Europe and substantially equivalent
The article has this sentance "In Europe, the capability to classify a novel food as being "substantially equivalent" no longer justifies a lack of safety assessments." My question is - did Europe ever let substantial equivlance take the place of saftey assesments? Ttguy 21:51, 24 April 2006 (UTC)
- Please see the references given for this article in Nature. In this article, Erik Millstone et al. state that the "substantial equivalence" approach has meant 'that if a GM food can be characterized as substantially equivalent to its 'natural' antecedent, it can be assumed to pose no new health risks and hence to be acceptable for commercial use'. In other words, once "substantial equivalence" is proven no safety assessment was necessary.--Nicholas 12:45, 25 April 2006 (UTC)
Could we have a reference to justify this statment The European regulatory process now places much more emphasis on identifying the unintended consequences of genetic modification. Ttguy 22:01, 24 April 2006 (UTC)
USA and substantial equivalence
I think it is a miss characterisation of the situation in the USA to suggest that subtaintial equivalence ever took the place of saftey assesments. The FDA from day one had a policy of using substantial equivalence as the starting point for saftey assesments - not the end point. FDA Statement of Policy: Foods Derived From New Plant Varieties
Basically you start off by doing a gross assesment of the new food and if it is completely stuffed up with different levels of toxicants and main food ingredients then the FDA would show you the door. If it passes the subtaintial equivlalence test then the FDA will go on and ask you to show how this food does not contain a new allergen and does not contain a protein that is toxic. Ttguy 21:51, 24 April 2006 (UTC)
the well supported scientific argument
"It also recognised the well supported scientific argument that:" This is non-dictionary language and the argument that GE at this moment is a precise technology is false - read Transformation-induced mutations in transgenic plants: Analysis and biosafety implications . I propose to rewrite this entire paragraph. —Preceding unsigned comment added by Arakrys (talk • contribs) 09:25, 16 January 2008 (UTC)
I'm moving here this. It comes as a POV conclusion to the article, clearly in favour of GM food. This entry is supposed to explain what this principle is, not advocate in favor or against GM food. Thanks, Tazmaniacs (talk) 20:19, 23 March 2008 (UTC)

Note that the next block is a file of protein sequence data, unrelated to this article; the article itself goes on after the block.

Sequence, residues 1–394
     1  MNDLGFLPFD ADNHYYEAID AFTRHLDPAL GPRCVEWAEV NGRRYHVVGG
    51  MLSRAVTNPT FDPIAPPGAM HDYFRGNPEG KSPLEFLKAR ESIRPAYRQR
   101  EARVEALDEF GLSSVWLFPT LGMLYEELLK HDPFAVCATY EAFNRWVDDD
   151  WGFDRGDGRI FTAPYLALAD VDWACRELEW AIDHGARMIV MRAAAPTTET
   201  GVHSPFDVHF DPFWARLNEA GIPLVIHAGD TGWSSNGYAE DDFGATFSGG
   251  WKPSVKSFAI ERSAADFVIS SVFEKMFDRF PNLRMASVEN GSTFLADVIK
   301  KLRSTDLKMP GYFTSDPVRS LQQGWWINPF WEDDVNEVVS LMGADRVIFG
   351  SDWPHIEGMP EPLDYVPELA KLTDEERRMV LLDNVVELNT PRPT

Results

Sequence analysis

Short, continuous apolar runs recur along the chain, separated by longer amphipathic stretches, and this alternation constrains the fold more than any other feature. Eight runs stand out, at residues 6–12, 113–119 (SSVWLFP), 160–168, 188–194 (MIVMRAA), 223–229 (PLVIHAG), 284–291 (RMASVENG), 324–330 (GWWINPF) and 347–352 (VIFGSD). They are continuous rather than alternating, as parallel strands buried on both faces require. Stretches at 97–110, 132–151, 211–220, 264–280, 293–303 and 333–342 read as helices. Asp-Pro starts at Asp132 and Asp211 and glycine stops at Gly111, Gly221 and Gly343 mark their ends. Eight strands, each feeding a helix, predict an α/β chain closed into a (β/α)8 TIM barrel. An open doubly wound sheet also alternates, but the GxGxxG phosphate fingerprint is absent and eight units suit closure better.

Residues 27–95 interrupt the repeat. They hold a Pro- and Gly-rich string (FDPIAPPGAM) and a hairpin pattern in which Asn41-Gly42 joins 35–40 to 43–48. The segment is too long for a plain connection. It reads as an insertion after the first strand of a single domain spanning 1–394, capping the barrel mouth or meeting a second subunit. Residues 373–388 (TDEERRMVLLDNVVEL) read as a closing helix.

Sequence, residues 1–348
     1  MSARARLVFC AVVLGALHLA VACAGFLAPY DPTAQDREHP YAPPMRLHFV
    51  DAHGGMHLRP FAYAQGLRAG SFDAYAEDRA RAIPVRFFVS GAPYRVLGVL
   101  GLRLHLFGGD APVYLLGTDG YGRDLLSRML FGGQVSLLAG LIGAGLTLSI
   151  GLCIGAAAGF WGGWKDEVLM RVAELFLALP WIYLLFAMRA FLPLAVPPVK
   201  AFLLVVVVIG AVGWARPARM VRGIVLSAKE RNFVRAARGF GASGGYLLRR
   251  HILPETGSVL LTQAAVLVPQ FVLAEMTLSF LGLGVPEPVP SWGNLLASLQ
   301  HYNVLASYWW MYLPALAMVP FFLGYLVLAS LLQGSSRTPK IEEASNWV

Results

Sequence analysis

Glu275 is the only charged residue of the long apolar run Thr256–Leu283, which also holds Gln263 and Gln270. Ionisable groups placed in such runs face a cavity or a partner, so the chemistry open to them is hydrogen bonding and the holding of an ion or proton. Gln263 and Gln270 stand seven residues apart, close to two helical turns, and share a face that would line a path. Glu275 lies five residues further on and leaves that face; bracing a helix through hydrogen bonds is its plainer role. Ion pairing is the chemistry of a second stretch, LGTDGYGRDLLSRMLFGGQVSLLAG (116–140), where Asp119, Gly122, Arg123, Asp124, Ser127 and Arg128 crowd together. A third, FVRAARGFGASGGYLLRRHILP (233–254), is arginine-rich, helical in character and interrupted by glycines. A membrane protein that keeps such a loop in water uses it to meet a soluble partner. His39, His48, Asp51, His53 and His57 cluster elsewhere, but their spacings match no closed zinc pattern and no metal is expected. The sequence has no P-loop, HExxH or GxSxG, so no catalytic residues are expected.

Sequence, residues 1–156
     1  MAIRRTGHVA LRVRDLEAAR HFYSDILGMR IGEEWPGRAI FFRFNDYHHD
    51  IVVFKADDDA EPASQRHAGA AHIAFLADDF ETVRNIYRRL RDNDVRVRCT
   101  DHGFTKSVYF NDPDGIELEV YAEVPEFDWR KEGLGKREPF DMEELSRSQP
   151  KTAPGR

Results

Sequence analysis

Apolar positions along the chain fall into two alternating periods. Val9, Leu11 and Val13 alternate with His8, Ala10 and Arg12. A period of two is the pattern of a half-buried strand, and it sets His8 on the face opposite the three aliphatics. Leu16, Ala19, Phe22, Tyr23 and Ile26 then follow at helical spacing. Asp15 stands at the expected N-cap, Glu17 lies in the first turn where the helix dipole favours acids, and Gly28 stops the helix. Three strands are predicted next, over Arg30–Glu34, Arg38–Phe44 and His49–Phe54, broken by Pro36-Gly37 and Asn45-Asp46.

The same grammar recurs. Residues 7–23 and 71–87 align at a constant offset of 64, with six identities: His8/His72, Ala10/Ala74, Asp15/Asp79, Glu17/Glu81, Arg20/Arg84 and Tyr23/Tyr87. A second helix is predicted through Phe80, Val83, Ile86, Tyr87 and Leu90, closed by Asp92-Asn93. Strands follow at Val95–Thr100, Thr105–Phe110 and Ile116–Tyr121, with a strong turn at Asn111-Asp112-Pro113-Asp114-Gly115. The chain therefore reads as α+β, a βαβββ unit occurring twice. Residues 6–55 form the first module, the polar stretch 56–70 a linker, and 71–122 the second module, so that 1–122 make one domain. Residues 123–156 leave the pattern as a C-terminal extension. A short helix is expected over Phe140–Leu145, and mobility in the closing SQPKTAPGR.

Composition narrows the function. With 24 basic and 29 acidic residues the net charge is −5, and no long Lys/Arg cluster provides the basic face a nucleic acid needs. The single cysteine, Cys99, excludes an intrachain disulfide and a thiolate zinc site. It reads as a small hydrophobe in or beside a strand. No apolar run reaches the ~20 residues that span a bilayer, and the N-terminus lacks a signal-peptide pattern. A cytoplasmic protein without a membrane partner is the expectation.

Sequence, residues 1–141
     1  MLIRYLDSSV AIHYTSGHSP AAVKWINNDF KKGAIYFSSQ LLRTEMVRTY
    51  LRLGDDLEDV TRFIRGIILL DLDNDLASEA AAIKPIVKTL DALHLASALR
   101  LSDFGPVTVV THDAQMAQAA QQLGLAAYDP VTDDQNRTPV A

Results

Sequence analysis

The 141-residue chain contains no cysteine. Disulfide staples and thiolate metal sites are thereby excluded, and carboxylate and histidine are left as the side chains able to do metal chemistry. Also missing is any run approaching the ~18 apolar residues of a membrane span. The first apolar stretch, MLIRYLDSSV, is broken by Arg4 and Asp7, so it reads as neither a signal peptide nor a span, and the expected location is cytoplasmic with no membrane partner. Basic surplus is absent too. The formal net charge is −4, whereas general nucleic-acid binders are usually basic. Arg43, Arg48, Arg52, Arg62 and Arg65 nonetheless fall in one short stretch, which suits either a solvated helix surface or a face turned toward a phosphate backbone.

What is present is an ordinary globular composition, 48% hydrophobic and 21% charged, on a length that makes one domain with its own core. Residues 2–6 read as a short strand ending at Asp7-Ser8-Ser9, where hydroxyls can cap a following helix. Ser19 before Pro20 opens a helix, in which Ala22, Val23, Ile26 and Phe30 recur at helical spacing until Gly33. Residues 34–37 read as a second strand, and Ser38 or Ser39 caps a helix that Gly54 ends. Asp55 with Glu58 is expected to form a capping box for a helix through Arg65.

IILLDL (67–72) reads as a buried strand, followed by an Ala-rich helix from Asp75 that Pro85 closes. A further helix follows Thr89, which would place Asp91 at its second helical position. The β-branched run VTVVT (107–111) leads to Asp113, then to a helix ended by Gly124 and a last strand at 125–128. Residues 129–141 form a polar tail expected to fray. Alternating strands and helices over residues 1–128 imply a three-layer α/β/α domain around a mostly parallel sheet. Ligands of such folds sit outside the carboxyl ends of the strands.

" Regulators are now placing emphasis on identifying the unintended consequences of genetic modification and comparing it with the many unexpected changes that are known to occur in conventional crop varieties. These studies are currently revealing that the extent of unexpected change in GM crop varieties is much less than seen with conventionally bred varieties: that is to say, from this aspect GM food is safer. Substantial equivalence is only the starting point of safety assessment. Better methods for testing composition, metabolic and protein profiles, metabolic activity, antinutrients, toxicity, and allergenicity continue to be developed.
Michael Taylor page
Michael Taylor is now the "senior advisor to the commissioner" of the FDA in the Obama administration. I will start a new page for Mr Taylor's biography.
Merge and delete
This article had tag faulting its content that were four years old. The content was poorly organized and many of the links were dead.
Nearly all the of the content was already covered, and covered better, in two existing articles, Regulation of the release of genetic modified organisms and Regulation of the release of genetic modified organisms.
Following the [[deletion policy"" "If two pages are duplicates or otherwise redundant, one should be merged and redirected to the other, using the most common, or more general page name. This does not require process or formal debate beforehand." and the be bold directive, I read through the article carefully and merged content that was not present in one of those articles, into the relevant article, citing the source in the edit note in order to honor wiki's license policies. Then I deleted the remaining content and created a redirect to the Regulation of the release of genetic modified organisms article. Jytdog (talk) 03:28, 21 September 2012 (UTC)
Issues section lacking info
The issues section should not simply state "There have been criticisms of the effectiveness of substantial equivalence." without specifying what those issues are to at least some degree. I think that at least some effort should be made to summarize the concerns that exist regarding "substantial equivalence". I don't see why have to be so vague in this article. --Notcharliechaplin (talk) 07:14, 20 June 2018 (UTC)